At Your Service
NGB has created a plethora of tools that garden retailers can use to promote these specific “Year of” crops and help drive consumers to your store.
On the NGB website (www.ngb.org), you will find such things as in-depth articles on each of the featured varieties; an expansive photo library; a downloadable PowerPoint presentation featuring the 2019 crops; printable educational flyers; 5-by- 7-inch and 8-by-10-inch printable signs; Did You Know? fun facts; and water color logos for all four classes. All of these items are available and they are free. In fact, all of the images in this article were downloaded from the NGB website.
Also, 24-by-36-inch printable paper posters are downloadable or NGB can provide them for $25 each.
NGB also works with a third-party company that can create promotional items (tote bags, coffee cups, aprons, etc.) to raise awareness of the different varieties.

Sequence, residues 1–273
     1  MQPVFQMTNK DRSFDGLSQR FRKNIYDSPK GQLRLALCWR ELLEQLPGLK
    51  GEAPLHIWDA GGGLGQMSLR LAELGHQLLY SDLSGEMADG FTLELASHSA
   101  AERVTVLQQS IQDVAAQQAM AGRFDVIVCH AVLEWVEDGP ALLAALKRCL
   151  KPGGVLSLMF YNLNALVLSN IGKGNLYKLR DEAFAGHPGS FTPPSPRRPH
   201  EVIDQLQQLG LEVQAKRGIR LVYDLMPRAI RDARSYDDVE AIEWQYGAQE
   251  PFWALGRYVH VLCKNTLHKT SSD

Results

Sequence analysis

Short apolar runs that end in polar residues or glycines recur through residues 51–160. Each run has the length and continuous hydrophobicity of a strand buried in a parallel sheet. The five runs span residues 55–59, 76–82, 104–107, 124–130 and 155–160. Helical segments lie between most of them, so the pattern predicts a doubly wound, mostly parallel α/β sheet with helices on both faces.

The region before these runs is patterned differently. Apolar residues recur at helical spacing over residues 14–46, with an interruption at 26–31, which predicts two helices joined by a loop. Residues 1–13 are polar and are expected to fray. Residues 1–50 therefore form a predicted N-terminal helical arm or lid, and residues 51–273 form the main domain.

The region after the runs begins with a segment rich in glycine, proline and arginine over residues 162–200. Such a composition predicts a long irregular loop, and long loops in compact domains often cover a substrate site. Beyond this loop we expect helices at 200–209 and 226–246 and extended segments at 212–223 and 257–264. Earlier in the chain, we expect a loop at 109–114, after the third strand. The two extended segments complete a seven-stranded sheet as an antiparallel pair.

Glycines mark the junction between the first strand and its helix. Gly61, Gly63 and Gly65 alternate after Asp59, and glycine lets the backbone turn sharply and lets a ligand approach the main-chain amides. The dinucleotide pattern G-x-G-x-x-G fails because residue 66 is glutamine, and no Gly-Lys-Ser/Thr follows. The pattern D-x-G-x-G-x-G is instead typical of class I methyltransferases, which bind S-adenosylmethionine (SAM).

Something new this year that NGB is working on is a video contest where garden centers, their customers or anyone else can submit their own videos about the “Year of” crops. Details on the video contest will be announced in the coming months, so stay tuned.
Tools to Get the Job Done
Diane Blazek, NGB’s executive director wants garden centers to know these different resources are available 24/7/365 to help increase sales and educate customers.
“We WANT garden centers to use them. Take advantage of these tools. They are super easy to use and will save you time and money,” Blazek says.
Each year NGB commissions a designer to create unique logos for each of the crops. Retailers can use these logos in any way they want — on bench signage, at in-store events, on social media posts; in print and broadcast advertising — the list of possibilities is limitless.